For more information about Adaptly, visit their website at adaptly.com
For more information on Momentum, see this blog post.
CrowdTwist is a social loyalty and rewards platform that engages and activates a brand’s audience wherever the brand is, both online and offline. It’s service gives brands the ability to track, incentivize and reward customer engagement across any online, social or mobile channel.
Founded in 2009 by Irving Fain, Josh Bowen and Mike Montero, CrowdTwist is based in New York City and is a graduate of TechStars. It’s client roster includes Sony Music, Zumiez, JC Penny, and Live Nation.
How it works?
Crowdtwist ties into all of a brands web properties - websites, mobile sites, mobile apps, Facebook, Twitter, Foursquare, and more. Users can then opt-in to the social loyalty platform through the site and receive rewards for their interaction and loyalty. These rewards are determined by the brand.
- Empowers brands to identify their biggest cross-platform influencers and understand how an individual customer is interacting with their online, social and mobile properties.
- Shows a complete picture of user interaction as users connect all their social profiles.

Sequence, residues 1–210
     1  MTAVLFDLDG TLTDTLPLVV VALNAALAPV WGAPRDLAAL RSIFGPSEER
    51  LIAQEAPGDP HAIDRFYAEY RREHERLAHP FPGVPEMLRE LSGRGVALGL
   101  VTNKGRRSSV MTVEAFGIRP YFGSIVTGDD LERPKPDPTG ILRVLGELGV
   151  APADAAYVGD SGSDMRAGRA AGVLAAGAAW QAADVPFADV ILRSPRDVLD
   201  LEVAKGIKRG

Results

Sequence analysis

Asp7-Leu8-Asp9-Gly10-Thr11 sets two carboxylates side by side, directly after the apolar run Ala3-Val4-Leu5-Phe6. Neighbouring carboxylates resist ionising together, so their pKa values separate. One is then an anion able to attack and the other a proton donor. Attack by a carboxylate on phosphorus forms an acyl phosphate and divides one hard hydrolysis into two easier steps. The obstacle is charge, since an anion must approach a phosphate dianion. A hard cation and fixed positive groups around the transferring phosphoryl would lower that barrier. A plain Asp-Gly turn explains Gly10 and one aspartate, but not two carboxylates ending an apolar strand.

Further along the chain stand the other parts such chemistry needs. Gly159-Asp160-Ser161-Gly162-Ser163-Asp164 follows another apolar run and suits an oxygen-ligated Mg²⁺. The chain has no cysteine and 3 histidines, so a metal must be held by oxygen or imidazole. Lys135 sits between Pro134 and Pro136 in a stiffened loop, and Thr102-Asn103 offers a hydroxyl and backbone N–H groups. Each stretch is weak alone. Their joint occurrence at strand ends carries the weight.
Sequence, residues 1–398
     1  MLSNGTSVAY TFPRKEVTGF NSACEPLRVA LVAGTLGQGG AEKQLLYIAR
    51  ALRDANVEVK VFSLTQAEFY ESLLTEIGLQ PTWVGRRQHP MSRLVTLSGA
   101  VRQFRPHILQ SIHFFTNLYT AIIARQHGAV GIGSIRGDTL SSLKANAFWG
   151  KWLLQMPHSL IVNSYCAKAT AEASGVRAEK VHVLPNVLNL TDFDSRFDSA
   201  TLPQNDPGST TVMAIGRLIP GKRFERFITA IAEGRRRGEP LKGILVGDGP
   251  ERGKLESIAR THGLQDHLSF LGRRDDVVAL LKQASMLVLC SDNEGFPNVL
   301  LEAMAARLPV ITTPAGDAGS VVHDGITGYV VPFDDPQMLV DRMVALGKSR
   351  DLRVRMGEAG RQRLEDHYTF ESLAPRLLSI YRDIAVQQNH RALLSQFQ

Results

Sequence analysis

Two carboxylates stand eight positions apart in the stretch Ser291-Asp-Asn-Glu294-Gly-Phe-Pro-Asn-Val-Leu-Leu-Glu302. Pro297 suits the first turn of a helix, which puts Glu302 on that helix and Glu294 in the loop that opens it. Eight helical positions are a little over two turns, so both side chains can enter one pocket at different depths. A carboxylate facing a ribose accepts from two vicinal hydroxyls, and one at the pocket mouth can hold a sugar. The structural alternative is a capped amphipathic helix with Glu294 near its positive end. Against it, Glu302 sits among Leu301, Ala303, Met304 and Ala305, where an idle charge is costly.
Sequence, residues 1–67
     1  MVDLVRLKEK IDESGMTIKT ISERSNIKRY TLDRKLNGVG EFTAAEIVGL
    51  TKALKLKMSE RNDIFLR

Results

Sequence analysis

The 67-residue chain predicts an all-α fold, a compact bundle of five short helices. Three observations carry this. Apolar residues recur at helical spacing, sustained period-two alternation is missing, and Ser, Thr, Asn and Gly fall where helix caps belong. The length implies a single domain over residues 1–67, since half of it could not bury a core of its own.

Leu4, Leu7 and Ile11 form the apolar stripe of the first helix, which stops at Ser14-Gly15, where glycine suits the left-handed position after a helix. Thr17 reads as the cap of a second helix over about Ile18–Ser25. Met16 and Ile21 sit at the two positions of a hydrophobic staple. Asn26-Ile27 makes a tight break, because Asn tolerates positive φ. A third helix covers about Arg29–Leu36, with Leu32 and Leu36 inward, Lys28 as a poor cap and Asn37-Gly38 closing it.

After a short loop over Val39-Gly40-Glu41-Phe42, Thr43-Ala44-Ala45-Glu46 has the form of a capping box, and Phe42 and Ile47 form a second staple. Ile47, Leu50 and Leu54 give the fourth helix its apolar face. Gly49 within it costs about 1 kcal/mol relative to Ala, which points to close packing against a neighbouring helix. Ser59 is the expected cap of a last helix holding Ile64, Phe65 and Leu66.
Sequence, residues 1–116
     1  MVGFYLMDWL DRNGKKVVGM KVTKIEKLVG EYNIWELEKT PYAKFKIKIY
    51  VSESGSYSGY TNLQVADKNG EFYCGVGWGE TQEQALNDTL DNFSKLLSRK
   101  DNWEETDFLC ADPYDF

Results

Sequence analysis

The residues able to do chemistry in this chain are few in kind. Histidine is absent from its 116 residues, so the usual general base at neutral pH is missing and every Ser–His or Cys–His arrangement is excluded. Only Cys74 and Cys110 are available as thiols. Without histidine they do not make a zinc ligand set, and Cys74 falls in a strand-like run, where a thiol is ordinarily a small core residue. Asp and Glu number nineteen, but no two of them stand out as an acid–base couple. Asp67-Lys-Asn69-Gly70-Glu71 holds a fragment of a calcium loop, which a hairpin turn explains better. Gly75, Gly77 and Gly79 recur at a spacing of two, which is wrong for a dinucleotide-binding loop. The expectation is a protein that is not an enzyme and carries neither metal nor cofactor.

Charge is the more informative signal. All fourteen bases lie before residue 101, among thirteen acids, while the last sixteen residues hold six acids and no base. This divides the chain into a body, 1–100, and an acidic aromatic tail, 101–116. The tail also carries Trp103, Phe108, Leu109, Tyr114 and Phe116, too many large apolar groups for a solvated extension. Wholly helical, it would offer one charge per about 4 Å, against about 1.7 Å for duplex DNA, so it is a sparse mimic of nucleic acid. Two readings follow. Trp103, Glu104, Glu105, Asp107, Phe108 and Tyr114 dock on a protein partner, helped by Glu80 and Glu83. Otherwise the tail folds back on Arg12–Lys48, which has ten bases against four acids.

- Grows audiences, strengthens engagement, monetizes users and increases online and offline sales conversions.
Who should use it?
Crowdtwist is best for large brands with established followings and social properties since it is a enterprise-class solution.
For more information, visit Crowdtwist.com
Local Response is the world’s first cross-platform “check-in” based ad network. Founded in 2005, it’s based in Chelsea NYC, and is co-founded by digital advertising pioneers Nihal Mehta (founder ipsh!, sold to Omnicom in 2005 & early investor in Admob), Kathy Leake (co-founder Media6Degrees), and Michael Muse. It has received $6.5 million in funding to date.
How It Works?
Local Response aggregates over 1 billion check-ins a month from over 200 million users. These check-ins include Facebook, Twitter, Foursquare, Gowalla and more.
Brands and advertisers can deliver real-time messaging to users based on their check-ins for contextually relevant advertising. The service is turn key and has been used by Verizon, Coca-Cola, McDonalds, Walgreens, and more.
Who should use it?
Any company looking to activate a mobile audience based upon geographic targeting. It is a solid alternative to promoted tweets and has seen CTRs up to 60%.
Learn more at LocalResponse.com